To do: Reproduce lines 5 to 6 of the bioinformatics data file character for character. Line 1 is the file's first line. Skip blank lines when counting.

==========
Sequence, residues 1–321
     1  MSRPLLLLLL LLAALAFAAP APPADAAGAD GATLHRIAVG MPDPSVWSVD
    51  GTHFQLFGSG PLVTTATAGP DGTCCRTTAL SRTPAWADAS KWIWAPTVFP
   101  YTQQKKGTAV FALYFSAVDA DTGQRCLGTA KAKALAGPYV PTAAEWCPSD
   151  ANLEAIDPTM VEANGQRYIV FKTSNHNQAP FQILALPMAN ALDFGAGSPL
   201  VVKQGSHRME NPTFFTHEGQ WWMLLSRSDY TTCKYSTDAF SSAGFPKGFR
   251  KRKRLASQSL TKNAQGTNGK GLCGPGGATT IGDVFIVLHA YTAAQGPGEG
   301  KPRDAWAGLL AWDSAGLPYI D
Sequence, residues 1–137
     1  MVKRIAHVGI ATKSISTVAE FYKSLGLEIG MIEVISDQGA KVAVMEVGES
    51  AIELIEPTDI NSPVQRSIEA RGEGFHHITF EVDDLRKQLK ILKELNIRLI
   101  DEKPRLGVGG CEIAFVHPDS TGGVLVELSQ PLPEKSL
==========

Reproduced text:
   151  ANLEAIDPTM VEANGQRYIV FKTSNHNQAP FQILALPMAN ALDFGAGSPL
   201  VVKQGSHRME NPTFFTHEGQ WWMLLSRSDY TTCKYSTDAF SSAGFPKGFR